While the internally trapped air is stretching the film, a high velocity air stream supplied by air ring 18 as shown in FIG. 1, impinges in a generally vertical direction on the extruded tube to cool the molten polymer. The combination of internal air expansion and high velocity impingement of air from air ring 18 causes the layers to contract while still in the molten state and thereby forming a strong interfacial bond as the contacting layers cool and solidify.
Prior to passage of tube 12 to the nip rollers the formed film tube is conventionally collapsed by a frame of horizontally wooden slats located in an inverted V shape with the angle between the legs of the V approximately 30° to 35°. This V frame gradually flattens the film tube until, at the apex of the V, the tube is completely collapsed by the nip rollers which may consist of a rubber roll and a steel driven roller. The nip rollers function to draw the tube from the extrusion die 13 and also effect an air seal for the entrapped air bubble in the tube. Subsequent to passing the flattened tube through the nip rollers, the film is either wound into rolls or passed through bag making machinery or the like to form a finished product.
As hereinabove discussed, the outer layer of the laminar film structures of the present invention preferably comprise a blend of thermoplastic resins and in particular blends of high density polyethylene together with a linear low density polyethylene-alpha olefin copolymer. While these copolymers may contain alpha-olefins having 3 to 15 carbon atoms, the preferred copolymers include polyethylene copolymerized with another alpha olefin including C4 to C8 alpha-olefins such as octene-1, butene-1, hexene-1 and 4-methylpentene-1. The preferred concentration by weight of the alpha olefin which is copolymerized with polyethylene is from about 2.0% up to about 10% by weight. In the following specific embodiments the linear low density copolymer of polyethylene with about 4.8% by weight of octene copolymerized therewith. It has been found that when such a blend comprises the exterior laminar tube layer, the resultant laminates exhibit greatly improved modulus and tear resistance.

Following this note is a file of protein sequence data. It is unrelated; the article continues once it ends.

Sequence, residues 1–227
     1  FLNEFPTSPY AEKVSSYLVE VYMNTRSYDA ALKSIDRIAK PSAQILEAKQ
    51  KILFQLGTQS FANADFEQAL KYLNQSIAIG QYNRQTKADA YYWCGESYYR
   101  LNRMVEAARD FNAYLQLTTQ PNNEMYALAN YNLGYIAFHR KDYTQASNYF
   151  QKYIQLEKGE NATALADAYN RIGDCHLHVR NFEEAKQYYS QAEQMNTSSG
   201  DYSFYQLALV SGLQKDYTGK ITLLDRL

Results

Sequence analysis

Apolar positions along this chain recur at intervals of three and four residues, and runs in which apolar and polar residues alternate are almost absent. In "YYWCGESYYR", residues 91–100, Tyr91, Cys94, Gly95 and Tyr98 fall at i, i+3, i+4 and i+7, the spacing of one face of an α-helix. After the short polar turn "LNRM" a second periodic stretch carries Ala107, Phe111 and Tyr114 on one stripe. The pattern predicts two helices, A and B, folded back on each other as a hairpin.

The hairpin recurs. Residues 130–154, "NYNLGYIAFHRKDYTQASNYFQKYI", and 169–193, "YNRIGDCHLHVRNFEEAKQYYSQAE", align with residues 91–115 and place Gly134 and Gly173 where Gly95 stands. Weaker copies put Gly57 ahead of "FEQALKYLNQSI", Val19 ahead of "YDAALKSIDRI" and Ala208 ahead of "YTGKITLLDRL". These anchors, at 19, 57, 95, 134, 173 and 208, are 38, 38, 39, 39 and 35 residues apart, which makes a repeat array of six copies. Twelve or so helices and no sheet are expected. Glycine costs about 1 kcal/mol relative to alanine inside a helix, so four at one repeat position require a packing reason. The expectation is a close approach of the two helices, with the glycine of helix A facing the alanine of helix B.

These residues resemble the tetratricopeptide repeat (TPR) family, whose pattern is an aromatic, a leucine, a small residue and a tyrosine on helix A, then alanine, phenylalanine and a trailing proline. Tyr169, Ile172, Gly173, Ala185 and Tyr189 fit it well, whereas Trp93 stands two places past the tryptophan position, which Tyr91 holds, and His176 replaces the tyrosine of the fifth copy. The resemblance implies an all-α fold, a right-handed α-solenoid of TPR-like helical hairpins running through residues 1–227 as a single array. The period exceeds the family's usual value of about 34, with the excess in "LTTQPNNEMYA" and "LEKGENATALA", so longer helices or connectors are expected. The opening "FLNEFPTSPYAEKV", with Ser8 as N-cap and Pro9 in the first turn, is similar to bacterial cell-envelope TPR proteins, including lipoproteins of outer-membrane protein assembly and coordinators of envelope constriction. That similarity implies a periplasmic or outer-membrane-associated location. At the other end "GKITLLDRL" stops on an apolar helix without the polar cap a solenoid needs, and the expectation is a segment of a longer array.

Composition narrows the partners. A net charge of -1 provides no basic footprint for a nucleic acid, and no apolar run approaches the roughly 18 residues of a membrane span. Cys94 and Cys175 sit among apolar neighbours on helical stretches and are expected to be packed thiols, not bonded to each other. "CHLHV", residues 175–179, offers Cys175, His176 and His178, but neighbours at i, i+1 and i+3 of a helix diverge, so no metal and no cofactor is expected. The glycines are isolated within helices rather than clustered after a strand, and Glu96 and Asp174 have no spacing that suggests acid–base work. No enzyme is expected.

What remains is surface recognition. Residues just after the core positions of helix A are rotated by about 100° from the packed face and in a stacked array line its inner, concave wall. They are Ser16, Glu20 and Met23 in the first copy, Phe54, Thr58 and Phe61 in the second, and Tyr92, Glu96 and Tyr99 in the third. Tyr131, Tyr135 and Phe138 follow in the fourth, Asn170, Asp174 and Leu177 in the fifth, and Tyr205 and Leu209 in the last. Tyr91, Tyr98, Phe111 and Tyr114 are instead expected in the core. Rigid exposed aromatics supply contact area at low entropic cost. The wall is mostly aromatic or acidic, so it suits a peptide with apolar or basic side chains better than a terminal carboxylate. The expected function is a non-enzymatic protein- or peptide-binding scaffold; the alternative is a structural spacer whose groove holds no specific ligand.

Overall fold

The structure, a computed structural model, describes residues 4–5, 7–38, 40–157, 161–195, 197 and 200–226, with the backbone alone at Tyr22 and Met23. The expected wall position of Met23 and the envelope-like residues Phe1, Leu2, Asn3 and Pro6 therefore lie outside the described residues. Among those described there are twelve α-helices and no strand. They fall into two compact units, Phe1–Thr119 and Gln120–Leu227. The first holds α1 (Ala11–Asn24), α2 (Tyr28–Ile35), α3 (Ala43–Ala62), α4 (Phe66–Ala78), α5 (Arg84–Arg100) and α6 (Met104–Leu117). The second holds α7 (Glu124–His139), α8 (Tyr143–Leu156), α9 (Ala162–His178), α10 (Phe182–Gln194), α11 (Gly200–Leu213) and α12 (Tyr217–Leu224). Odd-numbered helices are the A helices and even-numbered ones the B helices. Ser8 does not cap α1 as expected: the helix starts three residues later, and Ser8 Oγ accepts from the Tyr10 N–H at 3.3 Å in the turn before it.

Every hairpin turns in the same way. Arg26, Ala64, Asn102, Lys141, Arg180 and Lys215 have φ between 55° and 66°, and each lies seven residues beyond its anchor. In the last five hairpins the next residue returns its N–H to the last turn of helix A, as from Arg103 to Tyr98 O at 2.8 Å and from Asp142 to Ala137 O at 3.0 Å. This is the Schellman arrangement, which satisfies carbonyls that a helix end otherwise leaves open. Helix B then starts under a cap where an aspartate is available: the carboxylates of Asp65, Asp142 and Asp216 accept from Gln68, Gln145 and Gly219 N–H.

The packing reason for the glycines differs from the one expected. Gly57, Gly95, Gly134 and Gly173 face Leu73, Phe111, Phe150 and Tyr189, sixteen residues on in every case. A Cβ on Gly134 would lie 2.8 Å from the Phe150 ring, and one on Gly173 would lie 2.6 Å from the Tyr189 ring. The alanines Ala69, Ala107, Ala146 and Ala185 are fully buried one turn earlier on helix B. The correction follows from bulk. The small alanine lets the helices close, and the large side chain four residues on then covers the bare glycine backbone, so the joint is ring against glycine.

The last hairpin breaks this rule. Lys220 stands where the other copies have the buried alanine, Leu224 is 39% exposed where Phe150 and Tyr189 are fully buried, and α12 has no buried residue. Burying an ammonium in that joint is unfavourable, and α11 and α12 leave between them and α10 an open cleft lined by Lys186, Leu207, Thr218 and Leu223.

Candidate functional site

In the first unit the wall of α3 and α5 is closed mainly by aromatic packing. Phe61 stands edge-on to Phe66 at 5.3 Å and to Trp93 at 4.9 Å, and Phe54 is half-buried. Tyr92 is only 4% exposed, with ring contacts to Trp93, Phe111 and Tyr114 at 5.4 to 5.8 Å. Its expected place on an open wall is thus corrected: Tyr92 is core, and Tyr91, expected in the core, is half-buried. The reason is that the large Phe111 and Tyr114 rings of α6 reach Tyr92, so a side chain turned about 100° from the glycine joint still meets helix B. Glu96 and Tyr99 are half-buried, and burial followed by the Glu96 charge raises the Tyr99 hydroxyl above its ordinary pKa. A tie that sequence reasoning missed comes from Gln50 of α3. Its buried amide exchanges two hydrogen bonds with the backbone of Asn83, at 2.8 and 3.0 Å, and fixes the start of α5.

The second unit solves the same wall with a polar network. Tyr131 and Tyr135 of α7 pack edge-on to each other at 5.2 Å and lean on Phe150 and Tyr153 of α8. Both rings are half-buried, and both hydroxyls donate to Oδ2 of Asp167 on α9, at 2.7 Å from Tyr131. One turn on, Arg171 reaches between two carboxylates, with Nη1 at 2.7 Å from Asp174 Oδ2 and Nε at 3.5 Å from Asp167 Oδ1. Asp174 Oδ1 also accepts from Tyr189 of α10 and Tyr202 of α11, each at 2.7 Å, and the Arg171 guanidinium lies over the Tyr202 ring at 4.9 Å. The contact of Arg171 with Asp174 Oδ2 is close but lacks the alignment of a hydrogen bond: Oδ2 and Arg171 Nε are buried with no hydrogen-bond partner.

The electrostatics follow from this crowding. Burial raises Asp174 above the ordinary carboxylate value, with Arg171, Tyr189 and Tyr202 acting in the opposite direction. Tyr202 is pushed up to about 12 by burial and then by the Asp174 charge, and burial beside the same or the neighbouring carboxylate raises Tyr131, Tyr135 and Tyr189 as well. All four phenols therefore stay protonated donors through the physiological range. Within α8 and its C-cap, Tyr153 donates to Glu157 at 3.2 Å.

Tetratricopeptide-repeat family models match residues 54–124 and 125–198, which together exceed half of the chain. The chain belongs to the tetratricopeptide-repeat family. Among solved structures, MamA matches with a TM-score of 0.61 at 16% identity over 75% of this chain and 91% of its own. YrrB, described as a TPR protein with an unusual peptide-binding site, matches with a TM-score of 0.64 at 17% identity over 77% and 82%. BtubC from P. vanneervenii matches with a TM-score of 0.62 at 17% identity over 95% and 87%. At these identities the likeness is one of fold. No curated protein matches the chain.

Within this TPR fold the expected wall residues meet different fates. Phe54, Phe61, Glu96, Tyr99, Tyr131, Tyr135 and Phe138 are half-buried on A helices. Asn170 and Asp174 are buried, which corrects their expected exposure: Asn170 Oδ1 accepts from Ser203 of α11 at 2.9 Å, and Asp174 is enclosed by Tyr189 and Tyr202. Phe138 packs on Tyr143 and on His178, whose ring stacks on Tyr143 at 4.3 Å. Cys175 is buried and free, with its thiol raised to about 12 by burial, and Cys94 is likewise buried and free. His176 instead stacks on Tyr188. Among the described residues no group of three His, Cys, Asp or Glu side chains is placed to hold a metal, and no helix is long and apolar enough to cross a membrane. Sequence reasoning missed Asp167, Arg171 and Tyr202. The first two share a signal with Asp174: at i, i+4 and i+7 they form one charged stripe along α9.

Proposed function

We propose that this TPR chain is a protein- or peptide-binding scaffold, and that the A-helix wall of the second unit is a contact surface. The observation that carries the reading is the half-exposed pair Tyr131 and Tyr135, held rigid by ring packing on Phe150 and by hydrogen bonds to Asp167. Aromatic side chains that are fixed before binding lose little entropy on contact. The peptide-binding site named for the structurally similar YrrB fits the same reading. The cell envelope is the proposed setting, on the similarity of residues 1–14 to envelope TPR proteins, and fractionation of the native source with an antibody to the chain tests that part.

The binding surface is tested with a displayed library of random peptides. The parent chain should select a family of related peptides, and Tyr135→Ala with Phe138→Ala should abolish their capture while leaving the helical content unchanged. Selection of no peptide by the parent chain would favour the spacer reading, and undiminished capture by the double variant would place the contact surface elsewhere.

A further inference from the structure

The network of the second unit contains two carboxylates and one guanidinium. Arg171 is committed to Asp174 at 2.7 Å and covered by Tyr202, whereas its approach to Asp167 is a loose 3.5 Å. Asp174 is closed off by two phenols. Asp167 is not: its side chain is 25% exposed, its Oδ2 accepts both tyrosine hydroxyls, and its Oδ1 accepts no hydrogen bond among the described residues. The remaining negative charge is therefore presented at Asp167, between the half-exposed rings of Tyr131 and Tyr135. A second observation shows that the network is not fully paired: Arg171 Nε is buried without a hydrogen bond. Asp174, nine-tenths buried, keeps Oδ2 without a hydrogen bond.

In the following Table I there is presented a listing of pertinent resin physical properties of the various polyolefin materials which were employed in the succeeding examples.
TABLE I______________________________________Low Density Polyethylene Resin (For Inner LayerPolyethylene Component ASTMProperty Value Test Method______________________________________Melt Index, g/10 min 2.25 D-1238-65TDensity, g/cc .921 D-1505-68Tensile at Yield(20"/min) psi 1331 D-638-68Tensile at Break(20"/min) psi 1688 D-638-68Elongation at Break, % 603 D-638-68Elastic Modulus, psi 24635 D-638-68Stiffness in Flexure,psi 800 D-747-63Hardness, Shore D D44 D-2240-68Vicat SofteningPoint, °F. 217 D-1525-65TBrittleness Tempera-ture, °F. below D-746-64T -105______________________________________Physical Properties - Linear Low DensityPolyethylene - Octene-1 Copolymer Resin ASTMProperty Value Test Method______________________________________Melt Index 2.0 D-1238Density 0.926 D-1505Molecular Weight 89,000 --% by Weight Octene-1 4.8 --______________________________________High Density Polyethylene Resin ASTMProperty Value Test Method______________________________________Melt Index, g/10 min. 0.35 D-1238Density, g/cc 0.963 D-1505Tensile Yield D-638lbf/in2 4100kgf/cm2 288Elongation, % 800 D-638Flexural Modulus D-790lbf/in2 205,000kgf/cm2 14,400Hardness, Shore D 70 D-1706Izod Impact, ftlbf/in of notch 6.9 D-256Tensile Impact D-1822ft lbf/in2 60cm kgf/cm2 128Brittleness Tempera-ture <-70 D-746Vicat SofteningPoint D-1525______________________________________